Workplace insurers are familiar with paying out billions of dollars each year to employees hurt in major accidents, such as being mangled by machines or building collapses. But now, the newest fast-growing cost has become payments to workers with routine injuries who have been treated with strong painkillers, such as opioids.
$1.4 billion is spent annually on narcotic painkillers by workplace insurers, but if these medications are administered too early in the treatment process, too often, or for too long of a period it can delay the employee’s return to work, which drives up related disability payouts and medical expenses. TheCalifornia Workers Compensation Institute found that workers who received high doses of opioid painkillers for injuries, such as a back strain, stayed out of work three times longer that those with similar injuries that took a lower dose medication.
According to Accident Fund Holdings analysis, when a strong narcotic is used, such as OxyContin, the cost of a workplace injury is nine times higher than when a narcotic is not used. The California Workers Compensation Institute also found that there is a direct correlation between the greater use of opioids and extended recovery time from injuries occurring in the workplace.
OxyContin, Percocet and Duragesic are widely prescribed to treat common problems, but there is little evidence that they provide long-term benefits. High doses of opioids cause drowsiness, lethargy, other serious side effects and may lead to addiction. According to insurance industry data, narcotics prescriptions used to treat workplace injuries increased sixty three percent between 2001 and 2008. In 2010 in California alone, workplace insurers spent $252 million on opioids.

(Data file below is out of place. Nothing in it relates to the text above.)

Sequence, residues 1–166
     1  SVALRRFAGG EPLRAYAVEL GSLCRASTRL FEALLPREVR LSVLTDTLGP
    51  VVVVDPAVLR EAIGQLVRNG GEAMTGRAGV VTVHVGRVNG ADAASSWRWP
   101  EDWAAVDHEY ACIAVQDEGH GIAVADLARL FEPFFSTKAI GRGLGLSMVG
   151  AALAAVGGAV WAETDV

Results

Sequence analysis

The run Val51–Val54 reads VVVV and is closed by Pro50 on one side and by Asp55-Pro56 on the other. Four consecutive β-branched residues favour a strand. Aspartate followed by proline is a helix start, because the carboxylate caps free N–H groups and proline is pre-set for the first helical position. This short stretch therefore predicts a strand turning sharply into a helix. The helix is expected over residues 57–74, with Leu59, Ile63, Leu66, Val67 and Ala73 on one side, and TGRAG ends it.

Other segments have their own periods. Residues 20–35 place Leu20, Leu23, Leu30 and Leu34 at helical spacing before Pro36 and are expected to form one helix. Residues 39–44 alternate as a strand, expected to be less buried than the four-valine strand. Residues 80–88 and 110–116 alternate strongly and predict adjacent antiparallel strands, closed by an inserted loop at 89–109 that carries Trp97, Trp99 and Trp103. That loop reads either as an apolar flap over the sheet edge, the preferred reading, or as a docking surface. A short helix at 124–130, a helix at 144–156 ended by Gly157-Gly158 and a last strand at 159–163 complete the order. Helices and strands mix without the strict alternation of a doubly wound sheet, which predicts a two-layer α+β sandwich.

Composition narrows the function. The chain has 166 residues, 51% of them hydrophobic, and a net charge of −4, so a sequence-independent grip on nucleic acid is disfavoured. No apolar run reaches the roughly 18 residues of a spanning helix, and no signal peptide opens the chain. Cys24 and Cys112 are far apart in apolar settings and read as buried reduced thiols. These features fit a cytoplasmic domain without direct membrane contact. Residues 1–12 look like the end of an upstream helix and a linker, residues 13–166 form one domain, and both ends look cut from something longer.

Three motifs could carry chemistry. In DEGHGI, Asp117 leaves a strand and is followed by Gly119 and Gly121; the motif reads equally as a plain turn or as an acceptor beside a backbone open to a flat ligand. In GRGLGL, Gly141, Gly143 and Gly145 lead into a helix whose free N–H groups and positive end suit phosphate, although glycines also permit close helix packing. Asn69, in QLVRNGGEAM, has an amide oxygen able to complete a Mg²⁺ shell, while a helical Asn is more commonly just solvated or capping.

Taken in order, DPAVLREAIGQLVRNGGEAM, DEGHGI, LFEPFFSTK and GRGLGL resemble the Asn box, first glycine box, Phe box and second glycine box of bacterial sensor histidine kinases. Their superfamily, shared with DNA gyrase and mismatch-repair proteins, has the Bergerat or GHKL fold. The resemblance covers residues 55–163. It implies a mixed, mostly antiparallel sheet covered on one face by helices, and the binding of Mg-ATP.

States are struggling to find ways to decrease the trend of prescribing these medications for commonplace work-related injuries, and some have issued new guidelines regarding pain treatment. The Workers Compensation Research Institute found that Massachusetts appears to be one of the biggest prescribers of these drugs for workers’ injuries.
Insurers are suffering the consequences of their own policies now. Over the past ten years, insurers would gladly reimburse doctors for prescribing painkillers, but were reluctant to pay for treatments that did not rely on drugs, such as therapy.
Pulgini & Norton, LLP attorneys have handled workers’ compensation claims for over 25 years in and around Boston and its surrounding areas. If you or a family member has been injured at work and would like to seek legal assistance, please contact us at (781) 843-2200 or (888) 344-2046 or email us.
Painkillers hike workers’ compensation cost, insurers say: Injured who take opioids slower to return to work, The Boston Globe, June 3, 2012
Workers’ Comp Insurers Unhappy With Cost of Prescription Painkillers, Digital Journal, June16, 2012